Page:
Last week I attended Legal Geek and, embracing the new hybrid working world, my first day was online and the second was at the venue in Brick Lane, London. Although Legal Geek continues to focus on legal tech, and in particular start-ups, this year there were some interesting sessions that examined the legal industry more broadly.
On day one, Dan Kayne, GC (Routes) at Network Rail, provided an update on the O-Shaped Lawyer initiative, which he wrote about for Practical Law last year. It aims to drive cultural change that places people and human behaviours at the heart of a more modern, progressive legal profession.
Nicola Cronin gave some interesting insights into the value of mentoring, courtesy of research by her company Guider. For mentors, mentoring can bring new perspectives and meaning to their roles; while for mentees, the focus is on improvements to both self-confidence and salary.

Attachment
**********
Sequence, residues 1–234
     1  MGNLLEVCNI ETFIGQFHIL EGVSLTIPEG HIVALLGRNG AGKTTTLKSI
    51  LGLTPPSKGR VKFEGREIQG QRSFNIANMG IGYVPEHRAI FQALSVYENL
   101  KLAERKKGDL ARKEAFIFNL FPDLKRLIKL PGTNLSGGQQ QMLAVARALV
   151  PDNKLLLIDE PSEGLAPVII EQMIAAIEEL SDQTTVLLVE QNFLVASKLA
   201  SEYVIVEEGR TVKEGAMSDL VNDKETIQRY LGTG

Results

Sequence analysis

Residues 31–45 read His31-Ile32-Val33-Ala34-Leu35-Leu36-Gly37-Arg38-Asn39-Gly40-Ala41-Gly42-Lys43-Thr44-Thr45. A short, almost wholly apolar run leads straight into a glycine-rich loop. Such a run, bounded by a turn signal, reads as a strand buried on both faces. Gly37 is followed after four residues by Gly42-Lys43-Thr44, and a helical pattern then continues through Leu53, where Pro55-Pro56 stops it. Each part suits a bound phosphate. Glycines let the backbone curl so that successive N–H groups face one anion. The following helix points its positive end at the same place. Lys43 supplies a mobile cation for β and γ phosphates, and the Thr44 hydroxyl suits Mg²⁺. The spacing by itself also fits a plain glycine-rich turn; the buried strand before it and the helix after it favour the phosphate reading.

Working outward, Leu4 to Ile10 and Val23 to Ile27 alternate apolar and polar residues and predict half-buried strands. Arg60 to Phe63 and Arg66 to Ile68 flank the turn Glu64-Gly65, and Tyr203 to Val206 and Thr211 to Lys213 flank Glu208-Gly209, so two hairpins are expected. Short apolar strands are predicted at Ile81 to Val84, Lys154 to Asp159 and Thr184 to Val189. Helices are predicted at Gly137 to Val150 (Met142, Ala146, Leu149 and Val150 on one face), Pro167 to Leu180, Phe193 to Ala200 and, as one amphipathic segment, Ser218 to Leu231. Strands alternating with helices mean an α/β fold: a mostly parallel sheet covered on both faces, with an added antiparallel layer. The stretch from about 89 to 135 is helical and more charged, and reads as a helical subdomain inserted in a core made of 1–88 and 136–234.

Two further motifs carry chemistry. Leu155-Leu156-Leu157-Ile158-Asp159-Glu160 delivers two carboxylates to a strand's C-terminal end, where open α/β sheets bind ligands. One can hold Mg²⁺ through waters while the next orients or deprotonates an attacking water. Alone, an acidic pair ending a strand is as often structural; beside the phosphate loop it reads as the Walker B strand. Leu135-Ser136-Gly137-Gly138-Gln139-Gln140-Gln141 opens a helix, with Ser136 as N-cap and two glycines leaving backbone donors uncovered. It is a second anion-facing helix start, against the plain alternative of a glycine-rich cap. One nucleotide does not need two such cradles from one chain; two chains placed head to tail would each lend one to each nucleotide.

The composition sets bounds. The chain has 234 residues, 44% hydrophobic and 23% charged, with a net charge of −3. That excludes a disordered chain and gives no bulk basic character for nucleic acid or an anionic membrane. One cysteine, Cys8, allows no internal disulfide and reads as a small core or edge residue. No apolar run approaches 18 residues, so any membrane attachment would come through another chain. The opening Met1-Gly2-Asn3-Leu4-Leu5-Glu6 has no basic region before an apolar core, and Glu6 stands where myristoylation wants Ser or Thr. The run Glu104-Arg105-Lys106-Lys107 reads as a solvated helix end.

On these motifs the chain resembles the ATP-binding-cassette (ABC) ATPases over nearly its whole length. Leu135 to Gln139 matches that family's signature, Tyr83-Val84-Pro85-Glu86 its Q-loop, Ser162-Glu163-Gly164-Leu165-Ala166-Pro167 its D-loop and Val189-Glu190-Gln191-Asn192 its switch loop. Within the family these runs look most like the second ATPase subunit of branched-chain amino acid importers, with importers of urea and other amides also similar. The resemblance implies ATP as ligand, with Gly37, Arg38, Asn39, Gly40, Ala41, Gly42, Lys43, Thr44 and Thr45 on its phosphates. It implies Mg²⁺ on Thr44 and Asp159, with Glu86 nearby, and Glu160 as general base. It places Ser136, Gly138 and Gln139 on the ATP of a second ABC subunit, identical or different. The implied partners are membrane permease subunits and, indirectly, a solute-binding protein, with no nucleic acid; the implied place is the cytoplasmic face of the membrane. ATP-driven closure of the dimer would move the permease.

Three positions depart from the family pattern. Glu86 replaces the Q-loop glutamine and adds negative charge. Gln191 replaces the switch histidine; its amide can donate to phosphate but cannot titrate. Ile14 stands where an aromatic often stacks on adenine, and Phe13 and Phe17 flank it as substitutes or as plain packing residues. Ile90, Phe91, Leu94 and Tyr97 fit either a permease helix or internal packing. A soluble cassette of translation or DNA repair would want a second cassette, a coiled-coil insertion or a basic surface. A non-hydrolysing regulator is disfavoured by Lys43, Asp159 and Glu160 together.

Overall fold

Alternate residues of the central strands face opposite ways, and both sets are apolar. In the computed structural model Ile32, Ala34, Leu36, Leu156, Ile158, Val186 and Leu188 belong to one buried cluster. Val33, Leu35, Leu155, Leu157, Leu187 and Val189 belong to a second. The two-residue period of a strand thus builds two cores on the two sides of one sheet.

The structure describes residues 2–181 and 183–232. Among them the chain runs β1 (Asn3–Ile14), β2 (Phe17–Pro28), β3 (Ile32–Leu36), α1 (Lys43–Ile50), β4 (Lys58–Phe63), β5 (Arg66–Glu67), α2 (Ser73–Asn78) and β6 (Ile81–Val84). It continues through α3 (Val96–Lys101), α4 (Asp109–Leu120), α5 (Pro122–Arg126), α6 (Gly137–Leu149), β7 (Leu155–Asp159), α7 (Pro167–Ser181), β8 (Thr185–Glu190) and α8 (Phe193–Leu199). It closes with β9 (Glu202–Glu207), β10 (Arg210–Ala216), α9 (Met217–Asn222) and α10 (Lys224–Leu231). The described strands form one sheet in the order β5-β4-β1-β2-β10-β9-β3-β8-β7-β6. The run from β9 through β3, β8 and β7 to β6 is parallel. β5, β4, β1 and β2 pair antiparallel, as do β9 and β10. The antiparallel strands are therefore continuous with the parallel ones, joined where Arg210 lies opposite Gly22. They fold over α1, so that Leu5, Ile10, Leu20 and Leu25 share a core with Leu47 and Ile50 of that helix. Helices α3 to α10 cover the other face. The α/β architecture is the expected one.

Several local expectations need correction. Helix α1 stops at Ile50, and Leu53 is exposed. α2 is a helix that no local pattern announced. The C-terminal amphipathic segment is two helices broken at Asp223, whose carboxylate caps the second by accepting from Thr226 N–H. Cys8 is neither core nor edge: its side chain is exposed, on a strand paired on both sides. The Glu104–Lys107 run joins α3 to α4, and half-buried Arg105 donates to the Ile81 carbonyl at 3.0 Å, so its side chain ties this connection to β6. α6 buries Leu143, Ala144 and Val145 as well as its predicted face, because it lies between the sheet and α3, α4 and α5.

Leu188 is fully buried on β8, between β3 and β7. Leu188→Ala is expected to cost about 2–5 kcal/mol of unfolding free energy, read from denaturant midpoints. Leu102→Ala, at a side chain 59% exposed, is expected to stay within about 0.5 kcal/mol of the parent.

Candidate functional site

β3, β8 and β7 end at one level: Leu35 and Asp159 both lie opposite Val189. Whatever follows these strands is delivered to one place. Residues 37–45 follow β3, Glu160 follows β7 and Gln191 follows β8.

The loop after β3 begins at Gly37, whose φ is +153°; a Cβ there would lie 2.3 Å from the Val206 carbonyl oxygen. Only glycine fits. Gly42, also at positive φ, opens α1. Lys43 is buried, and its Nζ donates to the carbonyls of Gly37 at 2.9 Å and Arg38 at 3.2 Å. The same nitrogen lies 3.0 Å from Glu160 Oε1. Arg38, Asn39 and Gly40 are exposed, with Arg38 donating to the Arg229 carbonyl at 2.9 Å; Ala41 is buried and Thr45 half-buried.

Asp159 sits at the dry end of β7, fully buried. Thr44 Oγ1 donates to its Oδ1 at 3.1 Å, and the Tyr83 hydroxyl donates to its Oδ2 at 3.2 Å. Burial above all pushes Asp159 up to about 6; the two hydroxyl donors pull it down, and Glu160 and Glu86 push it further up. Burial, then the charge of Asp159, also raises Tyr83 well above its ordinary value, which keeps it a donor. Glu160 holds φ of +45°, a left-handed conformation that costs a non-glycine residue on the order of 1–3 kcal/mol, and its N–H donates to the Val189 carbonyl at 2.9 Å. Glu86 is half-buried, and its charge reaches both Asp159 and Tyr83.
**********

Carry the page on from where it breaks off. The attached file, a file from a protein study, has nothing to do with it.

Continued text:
Daniel Chin, GC at Arrival, spoke about being a sole in-house counsel in a fast-growing business. His talk was structured around three key points:
- Don’t think of yourself as a lawyer. Instead, think of yourself as the head of a function within the business.
- Build the function. The company wants trusted, timely advice and is not interested in how you know what you know. Acknowledge when you need help and access it, either via external counsel or by hiring a subject matter expert.
- Stay strong. Don’t take things too personally and don’t worry if the business does not always take your advice.
The second day included a series of workshops and I attended a thought-provoking session facilitated by Ruth Cooper-Dickson on strategic self-care. She wanted to explore what boosted and what drained our wellbeing. There were several interesting suggestions from the floor and one that stuck with me came from someone who works in the legal tech sector. They take regular “tech-breaks” where they avoid using any technology for a day, which helps them to re-set and re-focus for the rest of the week.